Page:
A Shepherd with Shades

If I had been a shepherd – out in my field, keeping watch over my flocks by night – I think I would have been a different kind of shepherd. For example, I would have been wearing sunglasses. I would have been a certain cool shepherd.

That way, when the glory of The Lord shone around, I would have been prepared. The King James Version describes those shepherds as ‘sore afraid’. But not me, with my darkened eyes, I would have been, ‘sure of myself’.  Those other shepherds were caught off guard and filled with fear. But not me, I live ‘on guard’. That way I don’t feel my fear.

So when the angel of the Lord exclaimed, “Fear Not!” I wouldn’t have been relieved. I would have, behind my lens, acted like I wasn’t afraid in the first place.

“Behold, I bring you good news of great joy that will be for all people. Unto you is born this day in the city of David a Savior, who is Christ The Lord.”

Well, first of all, if you are cool, guarded and committed to not feeling your fear, then you don’t respond with great joy to anything. It would totally compromise your stance. And secondly, if you have already saved yourself with a posture of nonchalance and detachment, then you don’t need a Savior. Instead, you respond to the idea of God’s Visitation in human form by thinking, “What an interesting metaphor.”

I wouldn’t have gone to Bethlehem in the middle of the night ‘to see this thing that has happened.” I would have waited for the online report.  I wouldn’t have seen Mary and Joseph and a baby, lying in a manger. And I wouldn’t have returned, glorifying and praising God.

I am too cool, too nuanced to let something like ‘God-in-human-form-coming-for-me’ actually get to me.

I would have missed the whole thing. All for the sake of showing that I don’t need anything. All for the sake of not being surprised. No – I cannot let myself be surprised. I cannot let myself be filled with anything. You see, if something fills me – then that would imply that I am empty inside. It would strongly suggest that I need.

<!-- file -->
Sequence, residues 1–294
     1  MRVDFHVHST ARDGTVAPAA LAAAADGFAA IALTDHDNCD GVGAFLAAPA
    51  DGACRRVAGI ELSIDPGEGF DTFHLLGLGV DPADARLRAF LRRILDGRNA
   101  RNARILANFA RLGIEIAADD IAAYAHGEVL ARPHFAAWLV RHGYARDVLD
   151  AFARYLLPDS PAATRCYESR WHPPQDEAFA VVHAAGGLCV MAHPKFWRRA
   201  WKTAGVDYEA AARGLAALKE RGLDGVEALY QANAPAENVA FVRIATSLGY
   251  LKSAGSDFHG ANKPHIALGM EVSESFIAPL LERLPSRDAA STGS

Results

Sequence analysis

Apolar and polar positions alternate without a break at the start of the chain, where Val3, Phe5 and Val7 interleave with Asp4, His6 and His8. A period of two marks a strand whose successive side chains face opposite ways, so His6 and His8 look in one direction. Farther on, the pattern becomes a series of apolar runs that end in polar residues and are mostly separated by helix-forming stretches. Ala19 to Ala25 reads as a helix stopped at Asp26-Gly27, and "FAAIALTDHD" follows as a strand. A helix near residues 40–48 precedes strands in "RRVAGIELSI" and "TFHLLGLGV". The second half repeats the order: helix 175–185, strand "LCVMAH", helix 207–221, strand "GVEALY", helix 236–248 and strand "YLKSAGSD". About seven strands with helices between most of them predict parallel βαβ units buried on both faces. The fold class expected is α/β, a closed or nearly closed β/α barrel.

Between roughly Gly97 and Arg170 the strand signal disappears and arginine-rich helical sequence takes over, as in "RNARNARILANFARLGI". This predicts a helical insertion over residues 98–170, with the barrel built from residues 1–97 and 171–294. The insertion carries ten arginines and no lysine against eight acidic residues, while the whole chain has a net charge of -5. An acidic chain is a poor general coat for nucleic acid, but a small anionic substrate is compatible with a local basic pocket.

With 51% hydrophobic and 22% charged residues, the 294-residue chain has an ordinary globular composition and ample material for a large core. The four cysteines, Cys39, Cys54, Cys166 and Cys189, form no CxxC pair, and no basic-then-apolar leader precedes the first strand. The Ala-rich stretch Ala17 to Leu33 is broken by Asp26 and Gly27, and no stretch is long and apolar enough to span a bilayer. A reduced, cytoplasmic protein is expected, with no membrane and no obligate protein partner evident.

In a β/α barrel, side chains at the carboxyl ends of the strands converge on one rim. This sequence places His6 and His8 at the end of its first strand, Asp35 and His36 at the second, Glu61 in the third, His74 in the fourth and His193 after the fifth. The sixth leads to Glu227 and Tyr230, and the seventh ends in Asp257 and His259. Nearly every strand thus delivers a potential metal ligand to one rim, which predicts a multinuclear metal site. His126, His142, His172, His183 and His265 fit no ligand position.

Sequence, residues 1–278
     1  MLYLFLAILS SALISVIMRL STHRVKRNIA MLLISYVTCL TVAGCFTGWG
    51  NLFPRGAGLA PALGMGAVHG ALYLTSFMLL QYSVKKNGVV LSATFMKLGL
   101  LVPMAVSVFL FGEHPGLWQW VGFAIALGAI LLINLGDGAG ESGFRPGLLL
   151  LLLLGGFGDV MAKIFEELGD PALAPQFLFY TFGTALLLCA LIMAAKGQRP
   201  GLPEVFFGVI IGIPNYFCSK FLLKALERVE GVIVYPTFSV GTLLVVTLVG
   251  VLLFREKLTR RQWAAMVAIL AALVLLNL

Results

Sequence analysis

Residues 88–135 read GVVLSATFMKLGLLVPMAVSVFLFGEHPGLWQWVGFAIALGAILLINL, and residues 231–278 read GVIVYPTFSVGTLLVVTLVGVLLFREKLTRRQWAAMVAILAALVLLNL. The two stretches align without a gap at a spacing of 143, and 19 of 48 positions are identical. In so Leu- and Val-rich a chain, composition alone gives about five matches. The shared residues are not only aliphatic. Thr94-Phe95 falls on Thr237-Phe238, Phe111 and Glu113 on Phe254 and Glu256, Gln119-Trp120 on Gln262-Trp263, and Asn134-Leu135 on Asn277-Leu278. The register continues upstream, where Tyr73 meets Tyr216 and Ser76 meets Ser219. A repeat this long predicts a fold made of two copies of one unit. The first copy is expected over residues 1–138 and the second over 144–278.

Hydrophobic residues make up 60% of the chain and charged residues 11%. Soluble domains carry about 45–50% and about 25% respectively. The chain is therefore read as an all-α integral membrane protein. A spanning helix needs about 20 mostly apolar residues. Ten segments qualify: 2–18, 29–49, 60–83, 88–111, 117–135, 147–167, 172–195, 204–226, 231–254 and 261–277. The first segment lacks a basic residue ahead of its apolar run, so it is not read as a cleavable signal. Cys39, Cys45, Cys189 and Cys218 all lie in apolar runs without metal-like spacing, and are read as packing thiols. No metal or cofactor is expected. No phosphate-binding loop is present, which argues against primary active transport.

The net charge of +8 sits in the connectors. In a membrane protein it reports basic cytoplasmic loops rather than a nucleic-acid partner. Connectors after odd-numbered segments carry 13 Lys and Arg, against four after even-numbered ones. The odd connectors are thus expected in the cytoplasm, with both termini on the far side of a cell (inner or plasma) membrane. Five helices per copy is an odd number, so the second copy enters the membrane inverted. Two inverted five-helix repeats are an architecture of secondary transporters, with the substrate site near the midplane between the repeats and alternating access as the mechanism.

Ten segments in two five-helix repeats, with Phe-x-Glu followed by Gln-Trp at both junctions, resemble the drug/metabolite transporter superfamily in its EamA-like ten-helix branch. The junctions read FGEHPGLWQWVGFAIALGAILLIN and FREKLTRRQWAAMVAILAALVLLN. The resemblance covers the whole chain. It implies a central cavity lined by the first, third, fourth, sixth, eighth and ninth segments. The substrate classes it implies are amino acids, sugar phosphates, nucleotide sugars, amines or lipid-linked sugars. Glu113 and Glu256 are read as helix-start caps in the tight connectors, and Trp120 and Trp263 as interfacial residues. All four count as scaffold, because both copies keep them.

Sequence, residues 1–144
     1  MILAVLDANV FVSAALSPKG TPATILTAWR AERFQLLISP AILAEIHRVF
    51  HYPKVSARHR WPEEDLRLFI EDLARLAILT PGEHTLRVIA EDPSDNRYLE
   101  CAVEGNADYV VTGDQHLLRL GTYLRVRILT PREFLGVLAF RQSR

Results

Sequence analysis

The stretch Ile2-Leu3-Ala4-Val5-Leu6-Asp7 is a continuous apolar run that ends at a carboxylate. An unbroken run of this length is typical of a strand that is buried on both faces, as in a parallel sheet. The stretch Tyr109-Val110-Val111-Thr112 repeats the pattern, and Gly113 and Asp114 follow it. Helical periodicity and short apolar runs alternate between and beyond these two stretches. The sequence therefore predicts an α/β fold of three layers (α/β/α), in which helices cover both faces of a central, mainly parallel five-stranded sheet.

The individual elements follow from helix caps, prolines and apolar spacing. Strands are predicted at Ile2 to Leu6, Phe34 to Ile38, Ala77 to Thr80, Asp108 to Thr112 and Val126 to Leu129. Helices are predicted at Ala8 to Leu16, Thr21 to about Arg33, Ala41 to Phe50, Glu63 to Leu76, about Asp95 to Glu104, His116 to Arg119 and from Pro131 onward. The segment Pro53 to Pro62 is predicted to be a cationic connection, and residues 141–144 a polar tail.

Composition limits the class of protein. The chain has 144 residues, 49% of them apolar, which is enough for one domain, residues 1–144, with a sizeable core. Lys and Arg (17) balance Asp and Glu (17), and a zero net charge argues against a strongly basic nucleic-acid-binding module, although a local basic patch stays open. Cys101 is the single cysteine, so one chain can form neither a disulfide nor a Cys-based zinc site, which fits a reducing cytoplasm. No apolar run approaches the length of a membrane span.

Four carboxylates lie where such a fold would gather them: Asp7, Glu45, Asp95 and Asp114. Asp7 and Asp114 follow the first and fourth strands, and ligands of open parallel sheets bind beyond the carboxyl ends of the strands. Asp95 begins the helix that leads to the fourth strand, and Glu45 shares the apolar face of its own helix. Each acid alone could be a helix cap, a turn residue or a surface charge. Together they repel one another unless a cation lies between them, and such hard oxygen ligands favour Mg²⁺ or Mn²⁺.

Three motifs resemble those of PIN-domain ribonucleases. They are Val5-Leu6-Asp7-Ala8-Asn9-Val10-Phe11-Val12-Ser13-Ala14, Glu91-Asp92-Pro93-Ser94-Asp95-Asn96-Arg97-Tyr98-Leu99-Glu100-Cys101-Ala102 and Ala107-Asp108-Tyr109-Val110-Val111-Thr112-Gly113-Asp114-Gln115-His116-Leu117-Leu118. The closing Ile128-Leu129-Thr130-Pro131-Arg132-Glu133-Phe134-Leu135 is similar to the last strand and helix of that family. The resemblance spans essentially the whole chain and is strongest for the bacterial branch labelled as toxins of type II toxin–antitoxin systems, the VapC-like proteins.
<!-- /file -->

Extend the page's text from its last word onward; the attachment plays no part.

And so there I stand in that quiet field, resolute and alone. I have succeeded. Nothing got past my plastic sunglasses. Nothing got inside me. How cool.

But sometimes, standing there alone in my cool success, I feel a little cold. And this little doubt arises – a small little voice deep in my chest. It bounces around inside me like an echo measuring a chamber. And despite myself, I begin to doubt my complete coolness. “What is I really am empty? What if there really is a space inside of me that I can’t fill?”

When I see the other shepherds returning – full of surprise, wonder and praise… well, I cannot suppress the question – “Is it too late for me to go to Bethlehem? Too late to face a Savior – without my sunglasses and with my need?”

Roger_Bethlehem silhoutte

Roger Edwards photo

Roger Edwards joined The Barnabas Center in 1991. In addition to counseling individuals and couples, Roger teaches and leads discussion groups about applying the Bible to everyday life.  He is a licensed professional counselor, holds a master’s degree in biblical counseling from Grace Theological Seminary in Indiana and earned a bachelor’s degree in engineering from the University of North Carolina at Charlotte.  He is married to Jean and they have seven children.

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